Below the line and below the belt

The fear of getting shot never stopped me from putting my head above the parapet at work. I couldn't help myself  if I felt it should be said I said it . This did not always make me popular but didn't appear to damage my career, I was only sacked the once! As a social worker and a director I wrote articles. I can think of only two occasions when my boss expressed annoyance at what I had written. On one occasion it was suggested that if I was going to write anything controversial I might have to get it cleared first. I learnt early on not to get clearance because people always want to tone it down to such an extent that you end up saying nothing of  consequence and it doesn't get published . Besides much better for your boss if they can claim they had no knowledge of it before it was published.

I like to reference tv programs in my writing. Recently I wrote a piece referring to The Good Wife, comparing the professional challenges to a lawyer’s integrity to that experienced by social workers and managers in the current financial climate. I wrote about The Wire saying it painted a picture of how our inner cities would look in the future if we continued to cut public sector budgets and privatise services. I referenced Shameless to illustrate the problems faced by those working in schools, housing and social services and how the professionals were viewed by those who experienced the system. And I wrote about Braking Bad in the context of privatising the health service, the similarities with the business model used by illegal drugs industry and the way the main characters rationalised their actions. The only time I failed to get such a piece published was when I wrote about Nurse Jacky a series based on how an over worked nurse with a keen sense of social justice manages to retain her integrity in the U.S. private health care system. It could be that the piece was simply not well written or the fact that nurse Jacky had a big drug habit!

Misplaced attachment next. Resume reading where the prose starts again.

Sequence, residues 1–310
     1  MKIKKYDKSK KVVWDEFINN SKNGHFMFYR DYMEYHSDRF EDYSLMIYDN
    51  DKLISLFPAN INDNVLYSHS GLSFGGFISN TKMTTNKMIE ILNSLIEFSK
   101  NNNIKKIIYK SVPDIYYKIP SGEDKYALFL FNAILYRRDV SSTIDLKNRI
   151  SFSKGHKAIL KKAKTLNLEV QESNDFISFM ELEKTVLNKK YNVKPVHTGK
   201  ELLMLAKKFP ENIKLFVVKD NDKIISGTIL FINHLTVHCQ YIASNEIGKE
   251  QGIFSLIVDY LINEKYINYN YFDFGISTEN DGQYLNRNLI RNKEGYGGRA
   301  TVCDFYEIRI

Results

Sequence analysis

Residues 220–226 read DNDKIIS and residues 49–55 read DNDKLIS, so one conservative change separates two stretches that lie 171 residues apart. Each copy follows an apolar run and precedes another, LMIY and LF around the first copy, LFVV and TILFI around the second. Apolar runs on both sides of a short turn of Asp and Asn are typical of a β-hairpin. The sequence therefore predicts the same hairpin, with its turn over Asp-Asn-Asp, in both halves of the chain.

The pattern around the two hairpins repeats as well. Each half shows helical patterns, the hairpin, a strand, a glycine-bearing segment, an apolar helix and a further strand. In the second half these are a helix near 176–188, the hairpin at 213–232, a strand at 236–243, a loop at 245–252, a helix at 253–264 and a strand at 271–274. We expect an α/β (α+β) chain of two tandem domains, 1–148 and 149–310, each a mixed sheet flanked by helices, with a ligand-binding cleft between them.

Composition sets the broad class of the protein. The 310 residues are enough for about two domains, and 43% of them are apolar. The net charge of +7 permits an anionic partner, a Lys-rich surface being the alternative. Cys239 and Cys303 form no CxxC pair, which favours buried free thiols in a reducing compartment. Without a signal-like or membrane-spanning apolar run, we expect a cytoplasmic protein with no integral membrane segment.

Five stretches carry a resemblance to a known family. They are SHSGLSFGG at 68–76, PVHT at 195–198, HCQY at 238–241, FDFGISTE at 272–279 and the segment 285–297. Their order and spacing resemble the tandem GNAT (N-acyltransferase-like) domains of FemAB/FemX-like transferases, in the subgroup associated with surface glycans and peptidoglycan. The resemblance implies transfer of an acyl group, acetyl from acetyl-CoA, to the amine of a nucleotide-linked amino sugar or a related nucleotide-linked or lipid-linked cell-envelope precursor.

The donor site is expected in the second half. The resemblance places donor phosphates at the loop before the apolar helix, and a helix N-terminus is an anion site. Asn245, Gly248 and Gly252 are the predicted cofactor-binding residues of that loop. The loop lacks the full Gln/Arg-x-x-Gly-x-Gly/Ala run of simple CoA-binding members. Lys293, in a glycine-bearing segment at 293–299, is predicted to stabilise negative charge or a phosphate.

I say this because things have changed people are even more reluctant to go into print for fear of appearing "disloyal " and it's no longer a case of I write you read because in the age of the Internet and Twitter feedback is swift and sometimes brutal. The comments by readers are referred to in the trade as "below the line" but often they feel like below the belt. But it would be bad for the public sector and bad for the public if those actually doing the job stayed quiet whilst those who watch from a safe distance consult with each other in a phony debate.

 

Blair McPherson former director, author and commentator on the public sector www.blairmcpherson.co.uk


 

 

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